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Clustering algorithm helps scientists make sense of vast amounts of molecular data

Researcher helps scientists make sense of vast amounts of molecular data
Overview of the clustering process in SpeakEasy 2: Champagne. A Each node in the network receives a random label, with the total number of labels less than the total number of nodes. B Each node updates its label to the most unexpectedly common label among its neighbors, accounting for the global frequency of each label. C Large clusters may mask multiple true communities. D Large ill-fitting clusters are split into random labels. E Stable sub-cluster configurations may occur which are not globally optimal. F By operating at the level of complete modules, suboptimal clusters can be split or merged to find globally optimal clustering states. G Multi-community nodes are identified based on those nodes which typically join a small number of distinct clusters, across multiple independent runs of SE2. H Overarching sequence of stages in SE2 algorithm, individually described in prior panels. Credit: Genome Biology (2023). DOI: 10.1186/s13059-023-03062-0

Thanks to technological advances, scientists have access to vast amounts of data, but in order to put it to work and draw conclusions, they need to be able to process it.

In research recently published in Genome Biology, Rensselaer Polytechnic Institute's Boleslaw Szymanski, Ph.D., Claire and Roland Schmitt Distinguished Professor of Computer Science and director of the Network Science and Technology Center, and team have found a method that effectively organizes and groups the data for a variety of applications. The process is referred to as clustering in machine learning.

Their clustering method, SpeakEasy2: Champagne, was tested alongside other algorithms to analyze its effectiveness in bulk gene expression, single-cell data, protein interaction networks, and large-scale human network data. Bulk gene expression tends to be tissue and disease-specific with implications on function and phenotype or how a genotype interacts with the environment.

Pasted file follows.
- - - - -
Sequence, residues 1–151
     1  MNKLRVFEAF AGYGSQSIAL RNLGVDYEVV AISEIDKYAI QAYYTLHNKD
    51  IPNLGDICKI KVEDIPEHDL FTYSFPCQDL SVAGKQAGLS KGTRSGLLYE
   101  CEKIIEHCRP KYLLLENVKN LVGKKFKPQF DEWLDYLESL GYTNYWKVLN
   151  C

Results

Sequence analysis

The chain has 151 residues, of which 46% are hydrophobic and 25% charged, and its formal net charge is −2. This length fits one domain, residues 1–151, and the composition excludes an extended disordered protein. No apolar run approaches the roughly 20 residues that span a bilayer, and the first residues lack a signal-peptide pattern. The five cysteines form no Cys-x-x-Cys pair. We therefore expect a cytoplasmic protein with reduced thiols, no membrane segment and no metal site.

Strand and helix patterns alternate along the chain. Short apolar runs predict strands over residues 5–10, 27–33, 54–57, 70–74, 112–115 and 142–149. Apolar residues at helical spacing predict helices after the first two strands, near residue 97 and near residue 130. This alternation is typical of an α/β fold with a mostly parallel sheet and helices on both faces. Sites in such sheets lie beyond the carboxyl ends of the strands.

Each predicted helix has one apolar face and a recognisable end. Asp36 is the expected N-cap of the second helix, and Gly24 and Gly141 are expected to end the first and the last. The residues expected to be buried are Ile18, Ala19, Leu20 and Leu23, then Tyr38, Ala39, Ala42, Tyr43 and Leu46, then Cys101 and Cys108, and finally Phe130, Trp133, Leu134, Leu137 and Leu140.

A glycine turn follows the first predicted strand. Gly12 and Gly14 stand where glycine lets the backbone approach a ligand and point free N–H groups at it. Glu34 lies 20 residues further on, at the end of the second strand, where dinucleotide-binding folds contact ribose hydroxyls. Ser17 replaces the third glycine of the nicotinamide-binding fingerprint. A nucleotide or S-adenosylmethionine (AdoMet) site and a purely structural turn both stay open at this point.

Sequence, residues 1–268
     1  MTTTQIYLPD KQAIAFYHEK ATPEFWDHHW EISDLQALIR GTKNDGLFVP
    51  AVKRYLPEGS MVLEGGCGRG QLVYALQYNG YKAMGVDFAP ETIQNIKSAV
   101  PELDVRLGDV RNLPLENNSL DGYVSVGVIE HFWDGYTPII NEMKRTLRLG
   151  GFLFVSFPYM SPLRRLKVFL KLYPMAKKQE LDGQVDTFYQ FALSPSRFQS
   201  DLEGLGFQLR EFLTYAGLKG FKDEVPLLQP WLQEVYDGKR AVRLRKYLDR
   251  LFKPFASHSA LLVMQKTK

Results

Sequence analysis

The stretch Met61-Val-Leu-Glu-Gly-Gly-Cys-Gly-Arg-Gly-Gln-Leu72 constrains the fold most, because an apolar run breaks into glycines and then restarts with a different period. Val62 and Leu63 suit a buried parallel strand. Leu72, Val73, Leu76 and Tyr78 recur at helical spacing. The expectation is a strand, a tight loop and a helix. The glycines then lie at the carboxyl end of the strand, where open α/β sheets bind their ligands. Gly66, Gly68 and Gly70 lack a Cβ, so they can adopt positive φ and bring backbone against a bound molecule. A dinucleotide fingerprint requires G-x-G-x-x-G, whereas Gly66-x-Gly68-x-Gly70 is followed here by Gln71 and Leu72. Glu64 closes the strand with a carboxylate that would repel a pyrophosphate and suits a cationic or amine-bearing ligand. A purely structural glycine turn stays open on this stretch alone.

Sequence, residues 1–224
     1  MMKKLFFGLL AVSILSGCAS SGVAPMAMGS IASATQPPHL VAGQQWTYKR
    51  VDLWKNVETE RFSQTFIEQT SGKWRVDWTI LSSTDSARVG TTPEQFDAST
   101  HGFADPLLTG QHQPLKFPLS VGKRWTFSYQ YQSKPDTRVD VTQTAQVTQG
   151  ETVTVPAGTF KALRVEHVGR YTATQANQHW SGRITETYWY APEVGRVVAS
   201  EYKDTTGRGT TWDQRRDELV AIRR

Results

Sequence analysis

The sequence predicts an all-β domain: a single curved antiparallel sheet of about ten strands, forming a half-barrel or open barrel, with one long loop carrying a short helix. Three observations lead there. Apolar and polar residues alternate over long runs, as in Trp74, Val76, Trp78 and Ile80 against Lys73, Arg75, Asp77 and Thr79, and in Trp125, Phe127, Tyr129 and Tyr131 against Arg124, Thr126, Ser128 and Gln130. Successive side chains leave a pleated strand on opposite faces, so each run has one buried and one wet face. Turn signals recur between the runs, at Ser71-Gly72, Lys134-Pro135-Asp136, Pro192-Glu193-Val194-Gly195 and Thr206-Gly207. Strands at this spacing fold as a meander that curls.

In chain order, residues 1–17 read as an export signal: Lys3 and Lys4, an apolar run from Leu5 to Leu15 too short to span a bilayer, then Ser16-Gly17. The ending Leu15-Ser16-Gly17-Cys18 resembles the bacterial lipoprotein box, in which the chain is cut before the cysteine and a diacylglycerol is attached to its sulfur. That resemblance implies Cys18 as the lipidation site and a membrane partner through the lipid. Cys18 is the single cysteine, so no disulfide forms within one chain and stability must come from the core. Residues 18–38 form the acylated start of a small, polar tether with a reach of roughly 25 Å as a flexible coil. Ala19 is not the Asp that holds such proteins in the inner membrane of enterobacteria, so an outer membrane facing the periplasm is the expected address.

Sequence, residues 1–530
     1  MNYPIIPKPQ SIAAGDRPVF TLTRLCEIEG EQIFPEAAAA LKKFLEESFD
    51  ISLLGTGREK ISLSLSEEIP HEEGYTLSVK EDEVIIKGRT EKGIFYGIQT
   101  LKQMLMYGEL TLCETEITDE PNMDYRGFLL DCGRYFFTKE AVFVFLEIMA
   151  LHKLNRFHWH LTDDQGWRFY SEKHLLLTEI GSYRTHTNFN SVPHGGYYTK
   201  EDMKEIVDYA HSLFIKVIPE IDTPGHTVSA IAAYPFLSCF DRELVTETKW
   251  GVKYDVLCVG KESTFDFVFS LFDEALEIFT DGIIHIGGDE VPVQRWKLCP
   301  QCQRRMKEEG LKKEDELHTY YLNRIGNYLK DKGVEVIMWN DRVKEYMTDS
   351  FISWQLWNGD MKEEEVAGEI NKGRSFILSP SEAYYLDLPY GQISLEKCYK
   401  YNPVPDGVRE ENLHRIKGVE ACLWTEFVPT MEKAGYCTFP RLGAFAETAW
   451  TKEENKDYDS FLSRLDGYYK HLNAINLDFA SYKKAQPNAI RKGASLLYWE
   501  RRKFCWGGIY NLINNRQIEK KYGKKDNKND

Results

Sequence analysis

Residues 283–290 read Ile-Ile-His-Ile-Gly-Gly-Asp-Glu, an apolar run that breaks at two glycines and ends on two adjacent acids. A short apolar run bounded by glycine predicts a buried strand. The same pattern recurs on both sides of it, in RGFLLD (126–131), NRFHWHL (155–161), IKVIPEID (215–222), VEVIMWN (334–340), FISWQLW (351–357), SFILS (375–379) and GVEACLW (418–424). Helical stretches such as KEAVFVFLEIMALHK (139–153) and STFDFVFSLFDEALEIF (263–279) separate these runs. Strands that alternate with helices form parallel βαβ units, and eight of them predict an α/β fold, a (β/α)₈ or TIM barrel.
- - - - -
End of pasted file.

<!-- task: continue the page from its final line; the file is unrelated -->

Single-cell data is grouped according to a cell's distinctions. Protein binding is a core mechanism for signal propagation in cells, and identifying proteins that assemble into complexes is useful for defining functions within a cell.

The team's testing of SpeakEasy2: Champagne alongside other methods revealed that no single method is perfect for all situations, and the performance can vary. However, SpeakEasy2 performed well across different data types, suggesting that it's an effective way to organize molecular information.

"We tested to determine if the methods worked well even if the data included a lot of irrelevant information and also new, unseen data," said Szymanski. "We wanted to measure their reliability and performance in a number of ways, so we tested across a wide range of networks. SpeakEasy2: Champagne proved to have consistent and acceptable performance across diverse applications and metrics."

"Optimizing methods to integrate large amounts of noisy data effectively is critical to advancing science across many research fields," said Curt Breneman, Ph.D., dean of Rensselaer's School of Science. "Dr. Szymanski's work will allow new insights into cell function and and may illuminate new potential drug targets and their inhibitors to treat disease."

This work was done in collaboration with Chris Gaiteri, Ph.D., of Rush University Medical Center, and his team, resulting from a decade-long collaboration. Eight years ago, they collectively developed a novel clustering algorithm named SpeakEasy that, in light of vast new sources of biomedical data thanks to advances in computer science technologies, required more intelligent and faster software that would work for more diverse and greater amounts of biomedical data.

More information: Chris Gaiteri et al, Robust, scalable, and informative clustering for diverse biological networks, Genome Biology (2023). DOI: 10.1186/s13059-023-03062-0

Journal information: Genome Biology

Citation: Clustering algorithm helps scientists make sense of vast amounts of molecular data (2024, January 8) retrieved 23 April 2024 from
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